Edible, organic and natural seeds may be tiny, but they are nutritional powerhouses that compliment a balanced diet!
Although there are many varieties of edible seeds, all are excellent sources of Essential Fatty Acids (EFAs), plant-based protein and fibre. The protein and fibre help satisfy hunger and reduce appetite, whilst the healthy fats help to release the satiety (hunger) hormones that let you know when you are full. Seeds also contain a diverse profile of vitamins and minerals that can help to promote and maintain overall health.
Seeds are nutrient dense, which means a small amount goes a long way. They can easily be added into our everyday diet in a variety of ways including adding a handful into to muesli, porridge, smoothies and soups; enjoying them as a snack; sprinkling over salads or stir-fries; and creating seeded baked goods!
Take a look at our quick guide to seeds below and discover the nutritional benefits of each variety.
Goodness Tip: Keep your seeds in the fridge! As most seeds are naturally high in oils, they are susceptible to becoming rancid if not stored correctly. The best way to keep them fresh once opened is to store them in the fridge or freezer.
Chia seeds are loaded with nutrients and are commonly referred to as a superfood. Chia seeds are one of the richest natural plant sources of omega-3 fatty acids and are a great source of plant-based protein, antioxidants and fibre.
When soaked, chia seeds become gelatinous and can be used to thicken foods such as soups, sauces, jams, or as an egg replacement in baking. Un-soaked, they can be sprinkled on top of cereal, smoothie bowls and salads.
Total fat - 30.8g
Protein - 15.6g
Dietary Fibre - 37.7g
Omega 3 - 17552mg
Manganese - 2.2mg
HULLED HEMP SEEDS
Hulled hemp seeds, also known as "hemp hearts", have their outer shell removed, leaving you with the soft, chewy centre that is versatile and easy to use. Hemp seeds are made up of 33% protein, (which is higher than quinoa) and contain all 20 amino acids, including the nine essential amino acids that our bodies cannot produce on their own. This makes hemp a "complete" protein source. Hemp seeds are also high in essential fatty acids omega-3 and omega-6, which help with our immune system functions and are essential for fuelling our brains.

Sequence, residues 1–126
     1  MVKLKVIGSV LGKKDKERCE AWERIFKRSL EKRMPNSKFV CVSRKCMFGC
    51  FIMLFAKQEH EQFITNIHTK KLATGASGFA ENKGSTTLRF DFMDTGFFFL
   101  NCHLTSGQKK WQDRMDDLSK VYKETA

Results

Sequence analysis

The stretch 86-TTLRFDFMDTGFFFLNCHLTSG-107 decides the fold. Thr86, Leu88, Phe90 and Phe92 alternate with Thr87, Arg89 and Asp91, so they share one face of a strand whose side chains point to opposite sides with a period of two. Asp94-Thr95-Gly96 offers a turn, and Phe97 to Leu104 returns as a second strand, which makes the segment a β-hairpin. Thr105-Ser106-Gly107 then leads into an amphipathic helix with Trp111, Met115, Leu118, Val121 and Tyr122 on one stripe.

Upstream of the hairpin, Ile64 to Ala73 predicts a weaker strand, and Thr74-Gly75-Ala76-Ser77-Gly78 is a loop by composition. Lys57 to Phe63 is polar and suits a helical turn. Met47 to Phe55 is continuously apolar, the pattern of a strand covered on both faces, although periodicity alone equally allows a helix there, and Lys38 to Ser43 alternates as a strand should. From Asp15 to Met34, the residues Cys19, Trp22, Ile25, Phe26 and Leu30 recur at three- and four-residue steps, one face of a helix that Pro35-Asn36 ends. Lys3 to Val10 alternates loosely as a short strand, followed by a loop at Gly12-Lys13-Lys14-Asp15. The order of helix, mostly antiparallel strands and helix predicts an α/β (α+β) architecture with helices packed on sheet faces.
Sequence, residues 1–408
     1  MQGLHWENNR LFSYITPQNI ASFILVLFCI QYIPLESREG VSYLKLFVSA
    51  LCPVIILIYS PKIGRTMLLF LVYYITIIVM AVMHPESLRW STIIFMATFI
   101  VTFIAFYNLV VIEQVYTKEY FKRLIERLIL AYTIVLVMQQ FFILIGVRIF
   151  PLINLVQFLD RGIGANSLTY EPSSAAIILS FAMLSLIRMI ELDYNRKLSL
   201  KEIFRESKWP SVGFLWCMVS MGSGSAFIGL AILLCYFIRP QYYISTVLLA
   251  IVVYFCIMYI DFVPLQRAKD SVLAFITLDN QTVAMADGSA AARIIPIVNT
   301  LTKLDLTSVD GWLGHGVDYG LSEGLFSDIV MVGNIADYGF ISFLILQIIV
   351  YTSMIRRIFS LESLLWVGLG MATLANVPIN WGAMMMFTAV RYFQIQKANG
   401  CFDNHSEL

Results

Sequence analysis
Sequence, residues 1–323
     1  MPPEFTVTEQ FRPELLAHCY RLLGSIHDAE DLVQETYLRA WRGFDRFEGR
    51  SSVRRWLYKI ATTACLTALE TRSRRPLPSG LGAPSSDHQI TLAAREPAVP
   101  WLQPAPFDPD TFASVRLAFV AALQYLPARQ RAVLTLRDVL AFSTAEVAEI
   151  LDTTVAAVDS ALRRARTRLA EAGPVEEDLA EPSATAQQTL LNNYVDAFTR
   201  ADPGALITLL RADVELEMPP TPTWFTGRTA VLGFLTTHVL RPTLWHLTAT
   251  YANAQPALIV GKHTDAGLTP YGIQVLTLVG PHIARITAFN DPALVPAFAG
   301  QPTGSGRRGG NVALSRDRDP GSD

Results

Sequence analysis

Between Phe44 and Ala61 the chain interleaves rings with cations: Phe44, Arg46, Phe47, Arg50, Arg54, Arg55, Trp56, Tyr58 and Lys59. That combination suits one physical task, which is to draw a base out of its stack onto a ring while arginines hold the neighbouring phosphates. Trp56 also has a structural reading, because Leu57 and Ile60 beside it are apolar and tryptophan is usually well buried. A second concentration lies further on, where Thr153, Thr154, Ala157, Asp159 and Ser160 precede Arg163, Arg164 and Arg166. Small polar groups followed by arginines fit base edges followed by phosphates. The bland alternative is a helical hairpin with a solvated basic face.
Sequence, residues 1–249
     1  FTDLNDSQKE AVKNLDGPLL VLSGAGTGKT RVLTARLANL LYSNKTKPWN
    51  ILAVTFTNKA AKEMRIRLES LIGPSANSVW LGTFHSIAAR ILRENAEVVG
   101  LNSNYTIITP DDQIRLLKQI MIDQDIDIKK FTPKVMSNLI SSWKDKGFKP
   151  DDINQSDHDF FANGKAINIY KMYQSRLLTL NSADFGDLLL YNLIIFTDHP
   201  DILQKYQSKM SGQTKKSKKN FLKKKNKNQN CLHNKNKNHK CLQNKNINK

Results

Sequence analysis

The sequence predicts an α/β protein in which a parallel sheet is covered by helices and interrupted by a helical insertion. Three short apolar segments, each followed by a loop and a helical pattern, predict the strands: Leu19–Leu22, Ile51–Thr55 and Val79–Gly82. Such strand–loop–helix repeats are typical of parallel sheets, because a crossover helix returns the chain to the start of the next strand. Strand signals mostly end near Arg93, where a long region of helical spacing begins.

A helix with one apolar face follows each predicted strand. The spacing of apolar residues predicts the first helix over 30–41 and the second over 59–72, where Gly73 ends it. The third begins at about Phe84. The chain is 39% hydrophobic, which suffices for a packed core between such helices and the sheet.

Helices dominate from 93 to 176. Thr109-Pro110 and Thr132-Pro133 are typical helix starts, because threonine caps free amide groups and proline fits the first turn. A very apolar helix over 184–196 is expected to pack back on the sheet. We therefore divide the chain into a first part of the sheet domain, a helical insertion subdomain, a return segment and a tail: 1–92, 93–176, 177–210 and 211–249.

They can be added to smoothies, bliss balls, used as a salad or soup topper and can make delicious hemp milk!
Total fat - 45g
Protein - 36.7g
Magnesium - 640mg
Zinc - 11.5mg
Linseeds, also known as flax seeds, are a great source of omega-3, omega-6, plant-based protein, and minerals such as manganese, thiamine and magnesium. Linseeds are low in carbohydrates but extremely high in both soluble and insoluble fibre.
They are available in both a golden or brown colour. There are little to no differences nutritionally between the two varieties. To aid in digestion and absorption, Linseeds are best consumed after being soaked, ground or sprouted. Similar to chia seeds, soaked linseeds can be used as an egg substitute or thickener. Linseeds can also be used as an addition to muesli, smoothies, bliss balls and more.
Total fat - 42.2g
Protein - 18.3g
Dietary Fibre - 27.3g
Omega 3 - 22813mg
Omega 6 - 5911mg
Pepitas (which is Spanish for “little seeds of squash") come from specific varieties of pumpkins that allow the seed to grow shell-free in the pumpkin – unlike the white the seeds you find in common pumpkin varieties.
They are high in protein, healthy fats, and fibre and contain valuable minerals such as magnesium, manganese, phosphorus, zinc and iron.
Pepitas can be eaten as a snack or added to salads for a little crunch. If lightly toasted they are delicious sprinkled over sautéed vegetables or used as a soup topper.
Protein - 24.5g
Phosporus - 1174mg
Manganese - 3mg
Iron - 15mg
Magnesium - 535mg
STYRIAN BLACK PUMPKIN SEEDS
Styrian pumpkin seeds come from a pumpkin, specifically grown for the seed, that originated in Styria, Austria. The Styrian pumpkin seeds are naturally shell-less and are larger in size, darker green in colour and richer in taste than other pumpkin seeds or pepitas. They are similar to pepitas nutritionally, with them being a great source of protein, healthy fats and essential vitamins and minerals.
Total Fat - 45.8g
Vitamin K - 51.4mcg
Copper - 1.4mg
Zinc - 7.5mg
Sesame seeds are an excellent source of copper, and a good source of manganese, magnesium, calcium, phosphorus, iron, zinc and selenium. Sesame seeds are available both hulled and unhulled. Hulled sesame seeds have had the outer husk removed and have are a creamy, white colour, whilst the black sesame seed variety is commonly unhulled. They have an only slight difference in taste however are often combined to add a striking contrast in dishes.
Copper - 4.1mg
Iron - 14.5mg
Magnesium - 351mg
Calcium - 975mg
Selenium - 5.7mcg
Sunflower seeds are an excellent source of Vitamin E, which is often used in skincare to promote skin health. They also contain a high percentage of selenium, which helps supports thyroid health and the immune system.
Similar to hemp seeds, the outer, black (and often striped) shell of the sunflower seed is inedible, however, the kernel or 'heart' is soft, creamy and versatile in use. Sunflower seeds can be used in baked goods, salads and stir-fries. They can also be made into a seed butter or meal.
Thiamin - 1.5mg
Manganese - 1.9mg
Vitamin E - 33.2mg
Copper - 1.8mg
Selenium - 53mcg
All nutritional information was provided by SELF Nutrition Data